I Am RED – a must see video poem

The Colorado River —
The Most Endangered River in America 2013

I have run these canyons for six million years.

I have traveled from the Rocky Mountains to the deserts, through scorching heat, and freezing cold. 

From the land of the dinosaurs to fields of food.

I lend my hand to seven states, two countries, nine National Parks and 36 million people across an arid west.

I am not the strongest or the largest, but I am the hardest working.

People love me, my playfulness, my beauty, my power, my life.

But I don’t think I can offer any more.

I am tired, tapped and tied.

Of the hundreds of major rivers in the world, I am one of the few who no longer kisses the sea.

Battles to harness my soul have been won and lost.

Use me wisely and I will sustain you.

Use me like you have and I will break.

My name is Red.

The Grand River, Red.

The American Nile.

The Canyon Maker.

I am the Colorado River.

And I am the most endangered river in America.

—-

Directed and written by Pete McBride Productions.
Cinematography: Pete McBride, Ron Chapple, Skip Armstrong, Kontent Films.
Still Imagery: Pete McBride
Voices: Duke Beardsley, Alma del Rio.

– Posted by Jasmine Graf, NWNL Associate Director

Happy Chinese New Year of the Horse!

US: Washington, horse and barn
US: Washington, horse and barn

Wishing all watersheds enough rain and snow
to recharge their rivers and fields!
Hopefully this new year will bring more efficient irrigation technologies and more drought tolerant crops being planted,
because agriculture consumes 75-80%
of clean fresh water on this planet.

– Posted by Jasmine Graf, NWNL Associate Director

Let fact springboard us to stewardship.

“Climate change is a fact. And when our children’s children look us in the eye and ask if we did all we could to leave them a safer, more stable world, with new sources of energy, I want us to be able to say yes, we did.”

~ President Obama, State of the Union, Jan. 28, 2014

USA: New Jersey, stream monitoring of the Raritan watershed
USA: New Jersey, stream monitoring of the Raritan watershed

Juxtapositions – industry vs. nature?

USA: Tennessee, Tennessee River Basin, Kingston, TVA's coal fly ash spill, Swan Pond Road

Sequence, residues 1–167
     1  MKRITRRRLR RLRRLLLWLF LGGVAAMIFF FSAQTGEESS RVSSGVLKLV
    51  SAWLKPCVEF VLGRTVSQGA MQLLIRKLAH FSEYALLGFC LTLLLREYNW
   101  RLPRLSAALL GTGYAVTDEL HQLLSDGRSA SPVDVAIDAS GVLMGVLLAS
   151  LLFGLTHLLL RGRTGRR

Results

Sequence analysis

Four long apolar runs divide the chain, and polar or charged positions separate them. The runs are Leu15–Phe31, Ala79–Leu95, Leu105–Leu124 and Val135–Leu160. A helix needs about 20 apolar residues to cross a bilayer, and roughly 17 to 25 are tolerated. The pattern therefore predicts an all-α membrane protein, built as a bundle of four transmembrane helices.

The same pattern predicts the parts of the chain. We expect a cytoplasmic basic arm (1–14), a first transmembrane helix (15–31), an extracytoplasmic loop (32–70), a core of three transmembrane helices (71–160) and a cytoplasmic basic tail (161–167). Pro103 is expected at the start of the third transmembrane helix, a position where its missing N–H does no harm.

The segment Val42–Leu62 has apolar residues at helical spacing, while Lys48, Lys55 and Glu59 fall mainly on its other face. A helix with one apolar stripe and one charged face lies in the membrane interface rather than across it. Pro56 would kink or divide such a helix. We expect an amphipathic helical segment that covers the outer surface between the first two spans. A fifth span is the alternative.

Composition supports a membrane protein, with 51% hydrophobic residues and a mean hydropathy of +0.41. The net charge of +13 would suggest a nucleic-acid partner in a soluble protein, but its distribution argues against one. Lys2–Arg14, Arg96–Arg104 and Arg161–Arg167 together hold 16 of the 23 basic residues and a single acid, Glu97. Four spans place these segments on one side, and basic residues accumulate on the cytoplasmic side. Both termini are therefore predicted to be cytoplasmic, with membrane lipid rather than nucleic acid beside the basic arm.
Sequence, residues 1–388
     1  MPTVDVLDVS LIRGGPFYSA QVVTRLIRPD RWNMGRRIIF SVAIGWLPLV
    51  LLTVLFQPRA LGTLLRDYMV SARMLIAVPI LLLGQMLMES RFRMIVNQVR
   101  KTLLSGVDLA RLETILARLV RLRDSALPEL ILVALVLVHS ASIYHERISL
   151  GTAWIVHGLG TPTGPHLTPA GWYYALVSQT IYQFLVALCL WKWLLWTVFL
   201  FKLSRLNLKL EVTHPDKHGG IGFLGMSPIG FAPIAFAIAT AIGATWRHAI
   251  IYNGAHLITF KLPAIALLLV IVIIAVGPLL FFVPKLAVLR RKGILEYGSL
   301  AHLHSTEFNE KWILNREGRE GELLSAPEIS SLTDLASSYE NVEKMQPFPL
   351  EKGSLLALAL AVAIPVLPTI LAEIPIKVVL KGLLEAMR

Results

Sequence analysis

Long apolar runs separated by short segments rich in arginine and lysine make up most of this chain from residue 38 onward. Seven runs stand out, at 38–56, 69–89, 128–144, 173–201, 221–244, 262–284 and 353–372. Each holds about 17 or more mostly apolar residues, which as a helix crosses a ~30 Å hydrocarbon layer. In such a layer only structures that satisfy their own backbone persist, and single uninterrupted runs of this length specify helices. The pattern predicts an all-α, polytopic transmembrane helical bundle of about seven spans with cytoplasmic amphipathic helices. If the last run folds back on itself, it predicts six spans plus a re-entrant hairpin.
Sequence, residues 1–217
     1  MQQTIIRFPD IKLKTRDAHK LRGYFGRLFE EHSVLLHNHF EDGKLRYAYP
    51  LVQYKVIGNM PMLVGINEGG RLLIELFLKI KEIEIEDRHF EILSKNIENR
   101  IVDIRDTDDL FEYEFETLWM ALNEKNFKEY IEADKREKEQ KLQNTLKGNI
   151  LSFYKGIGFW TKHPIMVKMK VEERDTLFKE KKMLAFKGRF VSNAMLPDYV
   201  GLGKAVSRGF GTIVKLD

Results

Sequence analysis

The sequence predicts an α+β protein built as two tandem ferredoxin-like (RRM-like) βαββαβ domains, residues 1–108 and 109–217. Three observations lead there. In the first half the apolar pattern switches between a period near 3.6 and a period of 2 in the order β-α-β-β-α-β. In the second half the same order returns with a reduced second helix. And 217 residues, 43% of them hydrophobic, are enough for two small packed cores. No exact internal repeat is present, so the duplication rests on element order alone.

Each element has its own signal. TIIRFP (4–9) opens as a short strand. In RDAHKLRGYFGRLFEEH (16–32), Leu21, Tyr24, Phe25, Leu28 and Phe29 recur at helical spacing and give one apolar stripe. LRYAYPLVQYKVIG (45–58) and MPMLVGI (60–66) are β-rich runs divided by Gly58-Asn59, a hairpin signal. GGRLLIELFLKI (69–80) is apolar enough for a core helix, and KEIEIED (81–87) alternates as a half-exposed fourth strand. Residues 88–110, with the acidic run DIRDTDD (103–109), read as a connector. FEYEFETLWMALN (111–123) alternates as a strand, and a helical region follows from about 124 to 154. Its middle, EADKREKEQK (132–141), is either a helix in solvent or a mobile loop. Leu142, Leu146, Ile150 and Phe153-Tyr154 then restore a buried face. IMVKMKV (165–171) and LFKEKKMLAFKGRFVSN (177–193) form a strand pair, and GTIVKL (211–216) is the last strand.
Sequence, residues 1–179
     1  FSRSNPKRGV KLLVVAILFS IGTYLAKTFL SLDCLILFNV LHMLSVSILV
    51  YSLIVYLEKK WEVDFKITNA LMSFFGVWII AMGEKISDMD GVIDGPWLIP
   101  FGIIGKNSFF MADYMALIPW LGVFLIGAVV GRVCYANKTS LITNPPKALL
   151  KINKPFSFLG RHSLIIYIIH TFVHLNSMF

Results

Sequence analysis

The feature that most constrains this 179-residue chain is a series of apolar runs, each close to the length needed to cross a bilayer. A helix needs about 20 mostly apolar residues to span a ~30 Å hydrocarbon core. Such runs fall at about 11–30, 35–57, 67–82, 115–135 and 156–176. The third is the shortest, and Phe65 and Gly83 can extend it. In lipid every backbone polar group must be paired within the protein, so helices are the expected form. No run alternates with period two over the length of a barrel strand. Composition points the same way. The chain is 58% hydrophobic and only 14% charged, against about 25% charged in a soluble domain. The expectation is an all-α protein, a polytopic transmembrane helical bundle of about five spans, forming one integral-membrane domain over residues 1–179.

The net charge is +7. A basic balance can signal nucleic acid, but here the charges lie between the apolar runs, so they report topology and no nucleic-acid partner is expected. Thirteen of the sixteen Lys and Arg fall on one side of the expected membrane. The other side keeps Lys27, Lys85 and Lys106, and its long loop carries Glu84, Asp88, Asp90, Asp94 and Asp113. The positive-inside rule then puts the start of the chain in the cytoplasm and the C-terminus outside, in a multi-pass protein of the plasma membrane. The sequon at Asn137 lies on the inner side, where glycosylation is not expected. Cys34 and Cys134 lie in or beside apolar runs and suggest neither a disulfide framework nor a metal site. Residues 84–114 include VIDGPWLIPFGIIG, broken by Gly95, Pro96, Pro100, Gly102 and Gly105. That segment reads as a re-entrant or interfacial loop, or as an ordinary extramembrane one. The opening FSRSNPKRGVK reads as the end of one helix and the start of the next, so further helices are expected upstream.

USA: Tennessee, Tennessee River Basin, Kingston, TVA’s coal fly ash spill, Swan Pond Road
USA:  Louisiana,  Atchafalaya Basin, Stephensville, discarded car tire in swamp with bits of invasive salvinia growing on it
USA: Louisiana, Atchafalaya Basin, Stephensville, discarded car tire in swamp with bits of invasive salvinia growing on it
USA:  Louisiana, Aerial photo of Atchafalaya Basin area, oil rigs in Cote Blanche Bay
USA: Louisiana, Aerial photo of Atchafalaya Basin area, oil rigs in Cote Blanche Bay

USA: West Virginia, Ohio River Basin, Huntington, parking lot

USA: Tennessee, Appalachia, Tennessee River Basin, Knoxville, fuel storage tanks on Tennessee River, sunset
USA: Tennessee, Appalachia, Tennessee River Basin, Knoxville, fuel storage tanks on Tennessee River, sunset

 

Selected juxtapositions from the Mississippi River Basin in response to the Daily Post’s Weekly Photo Challenge.

– Posted by Jasmine Graf, NWNL Associate Director

Happy Friday!

 

EDUCATION IS KEY !

 

Full Wolf Moon Tonite! – HOWL!

USA:  Montana, Bozeman, "Cheyenne," rescued Grey wolf (Canis lupus)
USA: Montana, Bozeman, “Cheyenne,” rescued Grey wolf (Canis lupus)

Tonight’s full moon is known as the Full Wolf Moon. This name dates back to Native American tribes in the Northern and Eastern United States. According to the Farmer’s Almanac, “Amid the cold and deep snows of midwinter, the wolf packs howled…”

The wolf is a keystone species in our watersheds. This oft-maligned canine plays a critical role in naturally balancing water quantity in upper and lower river basins. Visiting the Greater Yellowstone Ecosystem in 2008, No Water No Life witnessed wolves protecting our water supplies and preventing downstream destruction and degradation in the Missouri-Mississippi watersheds.

The presence of wolves along riverbanks keeps heavy browsers (such as elk and moose) back in the cover of forests. But – without the wolf, riverside vegetation is quickly devoured. Without bushes, sedges and grasses, riverbanks quickly destabilize and erode. Without riverine willows, beavers can’t build dams. Without beaver dams and riverside vegetation, nature’s moderating water–retention system becomes ineffective. All these changes exacerbate the increase in floods and droughts downstream these days.

Let’s take advantage of nature’s free gift of wolves and howl with them in the full moon tonight!!!

haiku for you

Jones_080531_WY_5320icicles and water
old differences
dissolved…
drip down together

– teishitsu